District of New York from 2007 to 2009, and as an Assistant United States
Attorney in that Office from 1998 to 2003.
John Siffert served as an Assistant United States Attorney for the Southern
District of New York from 1974 to 1979.
Michael Sommer served as an Assistant United States Attorney for the Southern
District of New York from 1990 to 1997.
David Spears served as an Assistant United States Attorney for the Southern
District of New York from 1983 to 1988.
Jonathan Streeter served as an Assistant United States Attorney for the Southern
District of New York from 2000 to 2012, where he was Deputy Chief of the
Criminal Division from 2011 to 2012.
Erika Thomas served as an Assistant United States Attorney for the Southern
District of New York from 1999 to 2003.
Michael Tremonte served as an Assistant United States Attorney for the Eastern
District of New York from 2008 to 2011.
Jeffrey A. Udell served as an Assistant United States Attorney for the Southern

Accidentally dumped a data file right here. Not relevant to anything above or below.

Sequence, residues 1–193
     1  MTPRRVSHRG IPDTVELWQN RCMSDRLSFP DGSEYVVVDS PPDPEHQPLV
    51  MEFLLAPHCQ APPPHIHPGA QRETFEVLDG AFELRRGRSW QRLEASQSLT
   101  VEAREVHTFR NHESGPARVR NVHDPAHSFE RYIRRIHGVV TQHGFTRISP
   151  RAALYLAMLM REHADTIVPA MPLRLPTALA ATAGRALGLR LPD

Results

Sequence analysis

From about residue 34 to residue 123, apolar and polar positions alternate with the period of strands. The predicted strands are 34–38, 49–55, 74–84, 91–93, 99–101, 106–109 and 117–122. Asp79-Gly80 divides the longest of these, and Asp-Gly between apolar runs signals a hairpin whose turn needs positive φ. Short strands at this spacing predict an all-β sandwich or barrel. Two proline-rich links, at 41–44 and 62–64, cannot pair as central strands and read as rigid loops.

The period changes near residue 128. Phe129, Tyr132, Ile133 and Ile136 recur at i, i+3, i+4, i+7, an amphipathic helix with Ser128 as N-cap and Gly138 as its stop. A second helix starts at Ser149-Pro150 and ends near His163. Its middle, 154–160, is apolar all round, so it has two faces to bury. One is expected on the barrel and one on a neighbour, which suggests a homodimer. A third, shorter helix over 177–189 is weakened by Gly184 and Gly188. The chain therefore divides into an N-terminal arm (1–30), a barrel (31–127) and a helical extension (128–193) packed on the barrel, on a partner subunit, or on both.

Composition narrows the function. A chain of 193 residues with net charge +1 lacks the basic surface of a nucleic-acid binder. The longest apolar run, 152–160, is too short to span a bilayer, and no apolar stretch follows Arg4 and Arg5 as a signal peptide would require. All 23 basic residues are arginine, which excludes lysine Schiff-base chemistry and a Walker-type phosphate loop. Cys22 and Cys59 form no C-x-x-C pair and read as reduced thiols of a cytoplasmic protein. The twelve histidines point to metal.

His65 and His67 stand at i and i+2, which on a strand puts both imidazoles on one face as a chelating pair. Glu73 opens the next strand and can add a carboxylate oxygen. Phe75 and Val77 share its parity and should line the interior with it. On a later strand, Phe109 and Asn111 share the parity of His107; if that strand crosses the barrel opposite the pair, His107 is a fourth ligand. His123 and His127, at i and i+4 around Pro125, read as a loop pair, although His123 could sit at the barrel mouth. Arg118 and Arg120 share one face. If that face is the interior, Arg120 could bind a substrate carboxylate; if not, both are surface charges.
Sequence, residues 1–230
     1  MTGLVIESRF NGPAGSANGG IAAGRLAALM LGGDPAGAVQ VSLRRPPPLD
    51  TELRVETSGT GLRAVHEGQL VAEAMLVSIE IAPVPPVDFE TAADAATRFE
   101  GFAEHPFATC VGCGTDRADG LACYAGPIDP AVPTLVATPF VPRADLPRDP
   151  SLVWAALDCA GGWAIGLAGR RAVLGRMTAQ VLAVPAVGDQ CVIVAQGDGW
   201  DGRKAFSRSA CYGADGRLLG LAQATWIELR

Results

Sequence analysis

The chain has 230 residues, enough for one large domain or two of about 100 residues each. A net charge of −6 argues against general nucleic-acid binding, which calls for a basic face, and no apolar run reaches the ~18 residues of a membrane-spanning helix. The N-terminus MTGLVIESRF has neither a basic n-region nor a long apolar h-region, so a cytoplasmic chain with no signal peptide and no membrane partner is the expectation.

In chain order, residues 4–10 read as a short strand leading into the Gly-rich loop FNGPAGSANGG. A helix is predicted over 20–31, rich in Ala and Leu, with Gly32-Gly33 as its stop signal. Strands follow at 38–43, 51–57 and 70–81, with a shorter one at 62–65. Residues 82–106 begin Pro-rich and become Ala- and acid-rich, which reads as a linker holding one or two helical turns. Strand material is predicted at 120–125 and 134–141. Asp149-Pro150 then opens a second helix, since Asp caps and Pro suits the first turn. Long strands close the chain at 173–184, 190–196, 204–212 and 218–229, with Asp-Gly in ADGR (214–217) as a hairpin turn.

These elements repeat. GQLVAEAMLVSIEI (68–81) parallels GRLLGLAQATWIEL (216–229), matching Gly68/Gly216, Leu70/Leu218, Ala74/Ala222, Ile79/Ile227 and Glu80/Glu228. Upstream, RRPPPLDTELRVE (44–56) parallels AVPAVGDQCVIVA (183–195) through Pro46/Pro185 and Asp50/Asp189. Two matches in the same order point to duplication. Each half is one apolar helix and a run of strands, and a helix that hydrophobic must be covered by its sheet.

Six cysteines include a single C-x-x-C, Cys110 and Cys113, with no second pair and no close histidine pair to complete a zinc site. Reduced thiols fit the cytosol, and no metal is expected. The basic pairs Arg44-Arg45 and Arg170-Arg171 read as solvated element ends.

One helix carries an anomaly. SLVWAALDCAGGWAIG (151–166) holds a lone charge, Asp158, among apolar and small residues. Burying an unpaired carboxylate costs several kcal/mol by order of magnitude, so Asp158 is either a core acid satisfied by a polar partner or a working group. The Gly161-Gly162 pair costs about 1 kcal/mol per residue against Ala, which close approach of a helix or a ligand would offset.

District of New York from 1999 to 2005.
Niketh Velamoor served as an Assistant United States Attorney for the Southern
District of New York from 2009 to 2018.
Jim Walden served as an Assistant United States Attorney for the Eastern District
of New York from 1993 to 2002, where he was Deputy Chief of the Narcotics Unit
from 1996 to 1998, Deputy Chief of the Organized Crime and Racketeering Unit
from 1998 to 2000, and Chief of the Computer Crimes and Intellectual Property
Section from 2000 to 2002.
Justin Weddle served as an Assistant United States Attorney for the Southern
District of New York from 1999 to 2014, where he was Deputy Chief of the
Appeals Unit from 2011 to 2014.

6a
Case 20-1713, Document 78, 06/17/2020, 2864824, Page27 of 27

Milton L. Williams served as an Assistant United States Attorney for the Southern
District of New York from 1990 to 1994.

7a